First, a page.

Summer “Vacation” for Parents: What’s That?!

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It’s August 1st, which means if you’re a parent of school-age children, you’ve had approximately 55 days of summer vacation.


Feeling rested? Refreshed? Invigorated?


We’re guessing the answer is most likely “No.” At least according to many parents, summer break can be an extremely challenging time. The cost of summer camps and care, piecing together weeks of varying schedules for different children, and the part that we’re particularly focused on at Pogo Rides–the nightmare of getting kids where they need to be and home again while keeping all the other balls in the air that parents juggle.


I don’t remember it be like this when I was growing up (I won’t say how many years ago that was). Summers were going to family camp, heading to the lake, playing kick-the-can with friends late into a warm summer night. There was no “rotation of camps” or lessons to rush off to. I will say that I was fortunate to have a stay-at-home parent which made this possible. I honestly don’t know how they did it and remained sane–I work from home and even with the kids in a few half-day camps, I’m going a tad bonkers myself. Apparently I’m not alone:


@LetMeStart If you’re wondering how awesome my summer break is going, my kid just found a harmonica.

@mommy_cusses Instructor: Welcome to our Summer with Kids Preparedness class. Our first lesson is how to apply sunscreen. Everyone grab an angry raccoon.

@ValeeGrrl If you think Twitter has tons of people craving attention & validation allow me to introduce you to kids doing tricks in a swimming pool.


Nowadays summer vacation for parents is not so simple–mostly because of the increasing cost of childcare. Heidi Stevens from the Chicago Tribune, wrote the piece “American parents are the unhappiest out of 22 countries” on a study done by the Council on Contemporary Families. They found that the policies put in place by our employers are the biggest influencers of parental happiness levels.


“What we found was astonishing,” wrote study authors Jennifer Glass, Robin Simon and Matthew Andersson. “The negative effects of parenthood on happiness were entirely explained by the presence or absence of social policies allowing parents to better combine paid work with family obligations. And this was true for both mothers and fathers.”


So the ability to have a flexible schedule to better navigate the summer is a key element of parental happiness, and unfortunately the reality is that we are “trying to raise children and earn a living in a country with zero weeks of guaranteed paid leave and child care that costs as much as college….”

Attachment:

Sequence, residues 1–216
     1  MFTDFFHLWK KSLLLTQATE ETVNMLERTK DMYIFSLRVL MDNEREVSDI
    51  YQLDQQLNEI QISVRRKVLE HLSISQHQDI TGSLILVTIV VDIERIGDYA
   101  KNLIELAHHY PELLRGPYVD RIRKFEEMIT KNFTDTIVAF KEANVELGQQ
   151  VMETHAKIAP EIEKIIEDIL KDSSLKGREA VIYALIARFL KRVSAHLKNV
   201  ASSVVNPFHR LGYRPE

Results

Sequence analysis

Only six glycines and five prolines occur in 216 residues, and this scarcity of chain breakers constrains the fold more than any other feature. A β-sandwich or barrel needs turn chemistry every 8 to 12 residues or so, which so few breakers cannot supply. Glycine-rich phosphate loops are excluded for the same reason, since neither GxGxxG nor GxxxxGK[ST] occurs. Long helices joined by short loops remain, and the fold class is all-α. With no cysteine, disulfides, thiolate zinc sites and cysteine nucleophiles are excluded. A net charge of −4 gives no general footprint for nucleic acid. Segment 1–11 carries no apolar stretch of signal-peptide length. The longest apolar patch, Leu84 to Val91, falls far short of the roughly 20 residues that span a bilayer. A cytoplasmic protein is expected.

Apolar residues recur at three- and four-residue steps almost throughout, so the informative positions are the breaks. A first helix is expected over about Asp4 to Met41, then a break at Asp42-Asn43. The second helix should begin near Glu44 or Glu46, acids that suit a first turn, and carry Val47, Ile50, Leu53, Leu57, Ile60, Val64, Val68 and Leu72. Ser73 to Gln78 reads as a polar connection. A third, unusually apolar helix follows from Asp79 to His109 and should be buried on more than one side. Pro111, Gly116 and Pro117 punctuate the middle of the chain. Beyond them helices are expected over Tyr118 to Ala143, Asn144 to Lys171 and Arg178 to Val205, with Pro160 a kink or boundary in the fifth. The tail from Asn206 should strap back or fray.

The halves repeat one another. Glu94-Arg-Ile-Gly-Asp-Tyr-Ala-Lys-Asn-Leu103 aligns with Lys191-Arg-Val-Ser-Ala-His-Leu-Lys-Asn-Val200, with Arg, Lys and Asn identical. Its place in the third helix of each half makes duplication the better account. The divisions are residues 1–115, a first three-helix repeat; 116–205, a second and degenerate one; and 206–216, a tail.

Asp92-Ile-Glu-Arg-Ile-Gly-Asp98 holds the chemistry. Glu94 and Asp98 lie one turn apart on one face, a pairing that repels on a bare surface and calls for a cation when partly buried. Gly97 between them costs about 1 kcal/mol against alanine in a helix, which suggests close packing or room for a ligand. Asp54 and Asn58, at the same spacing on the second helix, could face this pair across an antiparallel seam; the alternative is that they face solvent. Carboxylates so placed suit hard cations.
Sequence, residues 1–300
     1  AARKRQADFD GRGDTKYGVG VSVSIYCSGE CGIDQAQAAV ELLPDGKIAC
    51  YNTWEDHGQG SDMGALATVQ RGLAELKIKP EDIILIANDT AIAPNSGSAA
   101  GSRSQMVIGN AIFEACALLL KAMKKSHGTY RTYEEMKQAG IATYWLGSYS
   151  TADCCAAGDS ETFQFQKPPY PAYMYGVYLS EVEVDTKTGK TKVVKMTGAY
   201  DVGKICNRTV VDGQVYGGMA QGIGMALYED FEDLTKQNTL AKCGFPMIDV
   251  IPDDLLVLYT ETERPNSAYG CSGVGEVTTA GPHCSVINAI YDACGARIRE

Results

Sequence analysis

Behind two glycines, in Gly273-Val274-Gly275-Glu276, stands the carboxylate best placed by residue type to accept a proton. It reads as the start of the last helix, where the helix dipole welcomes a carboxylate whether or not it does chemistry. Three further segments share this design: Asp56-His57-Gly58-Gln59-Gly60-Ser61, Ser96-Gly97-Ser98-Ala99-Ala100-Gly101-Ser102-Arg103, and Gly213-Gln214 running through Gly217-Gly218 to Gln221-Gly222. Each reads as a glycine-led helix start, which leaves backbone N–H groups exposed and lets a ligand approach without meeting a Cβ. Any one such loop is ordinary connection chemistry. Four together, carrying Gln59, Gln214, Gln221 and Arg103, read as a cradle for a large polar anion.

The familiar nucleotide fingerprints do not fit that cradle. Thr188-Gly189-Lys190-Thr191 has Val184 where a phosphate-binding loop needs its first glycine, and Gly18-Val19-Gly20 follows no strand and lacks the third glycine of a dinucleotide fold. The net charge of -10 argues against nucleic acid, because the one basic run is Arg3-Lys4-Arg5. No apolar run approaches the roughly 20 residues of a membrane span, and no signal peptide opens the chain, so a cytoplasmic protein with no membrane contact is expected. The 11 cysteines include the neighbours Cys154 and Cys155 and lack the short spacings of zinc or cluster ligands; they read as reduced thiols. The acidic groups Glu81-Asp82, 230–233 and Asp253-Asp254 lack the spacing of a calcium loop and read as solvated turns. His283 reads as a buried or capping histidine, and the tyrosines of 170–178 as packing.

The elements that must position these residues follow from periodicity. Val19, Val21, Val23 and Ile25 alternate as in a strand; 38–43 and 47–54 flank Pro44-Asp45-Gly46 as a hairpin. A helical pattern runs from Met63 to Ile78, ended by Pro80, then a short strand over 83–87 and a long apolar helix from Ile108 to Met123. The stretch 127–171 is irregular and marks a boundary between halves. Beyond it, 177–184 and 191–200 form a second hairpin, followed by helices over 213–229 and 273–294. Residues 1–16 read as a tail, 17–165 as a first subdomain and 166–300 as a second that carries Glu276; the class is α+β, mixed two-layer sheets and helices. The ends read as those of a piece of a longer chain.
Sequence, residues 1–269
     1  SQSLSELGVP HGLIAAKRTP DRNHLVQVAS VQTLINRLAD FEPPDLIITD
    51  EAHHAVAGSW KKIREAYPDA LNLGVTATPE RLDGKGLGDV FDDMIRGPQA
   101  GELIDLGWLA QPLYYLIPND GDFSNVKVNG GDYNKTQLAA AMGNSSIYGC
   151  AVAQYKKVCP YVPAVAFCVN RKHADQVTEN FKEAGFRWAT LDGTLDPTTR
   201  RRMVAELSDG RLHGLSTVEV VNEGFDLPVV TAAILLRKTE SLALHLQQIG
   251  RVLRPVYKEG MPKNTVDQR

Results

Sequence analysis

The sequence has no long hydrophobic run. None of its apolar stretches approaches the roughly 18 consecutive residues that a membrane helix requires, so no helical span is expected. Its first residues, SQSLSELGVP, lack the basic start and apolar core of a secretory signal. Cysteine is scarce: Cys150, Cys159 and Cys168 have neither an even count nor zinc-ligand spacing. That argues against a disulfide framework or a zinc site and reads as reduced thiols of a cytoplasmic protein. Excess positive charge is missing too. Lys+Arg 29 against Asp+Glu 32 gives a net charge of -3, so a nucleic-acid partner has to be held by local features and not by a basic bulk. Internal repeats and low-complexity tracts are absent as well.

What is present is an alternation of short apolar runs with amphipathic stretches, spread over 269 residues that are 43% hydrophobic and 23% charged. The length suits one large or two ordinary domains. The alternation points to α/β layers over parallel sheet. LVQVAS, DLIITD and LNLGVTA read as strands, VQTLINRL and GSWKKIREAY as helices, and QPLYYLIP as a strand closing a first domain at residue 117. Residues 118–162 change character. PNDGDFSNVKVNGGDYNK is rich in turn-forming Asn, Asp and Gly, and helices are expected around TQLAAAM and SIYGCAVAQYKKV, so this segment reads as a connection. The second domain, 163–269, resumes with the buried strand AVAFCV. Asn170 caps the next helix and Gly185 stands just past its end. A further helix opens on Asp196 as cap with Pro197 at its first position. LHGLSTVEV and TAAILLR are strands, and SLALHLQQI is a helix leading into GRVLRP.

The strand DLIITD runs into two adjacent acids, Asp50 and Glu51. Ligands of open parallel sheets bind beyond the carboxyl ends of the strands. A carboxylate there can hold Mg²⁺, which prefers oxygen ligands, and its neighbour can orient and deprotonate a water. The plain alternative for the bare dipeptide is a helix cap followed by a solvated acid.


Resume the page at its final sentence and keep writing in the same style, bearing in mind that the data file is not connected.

This is something we have given much thought to over the past year and a half–how the Pogo app can support families by connecting them with affordable and reliable resources, in their own neighborhood, to help with transportation. This enables parents to continue to work–or–allows parents who have a more flexible schedule to make some extra money while helping out their community. To us, it’s a win-win.


We also practice what we preach within our company, as our CEO (mother of two young boys) believes in a flexible schedule and the ability to work from home. So right now as I write this from my living room, I have a babysitter swimming with my daughters and watching them do a cartwheel off the diving board for the 354th time in a row. I can hear them all laughing (undoubtedly enjoying the break from me) and at this very moment, I am not going bonkers.


So from our team to your family, here are a few ideas on how you could make summers more manageable–and therefore–much more enjoyable.


1. Don’t over schedule: Sometimes less really is more in the summertime. One Pogo user, Debbie C of Seattle, set up a carpool group in her neighborhood called “Beach Time.” Whenever she is planning on taking her twin boys to the beach down the road, she sends a message to the group to see if anyone wants to join, then swings by and picks them up. They rotate between parents, allowing kids to have time together, and adults time to get some work done. Nothing fancy, nothing complicated to schedule. Just sand, water and a ride there.


2. Share the load: Check to see if your summer camp has a group on Pogo, and if they don’t, encourage them to start one. This will enable you to see which families in your neighborhood are doing the same camp activity and reach out to help coordinate rides. Saving you time, saving you money, saving your sanity, and don’t forget–always more fun for the kids to have someone to ride with to and from sharing stories of the day.


3. Support other parents by booking a Community Ride: These are parents or older teen drivers in your neighborhood who are able to give your child a ride for a suggested reimbursement of as little as $5 a ride. Learn more here.


4. Hire a nanny: No, not full-time—just when you need one. For those one-off rides or times where you just need to get your child from A to B, and maybe a little bit of care. Pogo has partnered with Seattle Nanny Network to make this happen in Seattle. This enables you to have a full day of work when you need to, as well as reliably and safely getting your kids to where they need to be.


5. Treat yourself at the end of a long day: When all the work, playing, and driving is done – whip up one of these cocktails or mocktails. (Hey – we did say tips to make your summer more enjoyable).


Cheers to the summer, and happy carpooling! –Julia


Photocred: Jason Raish/ for The Washington Post


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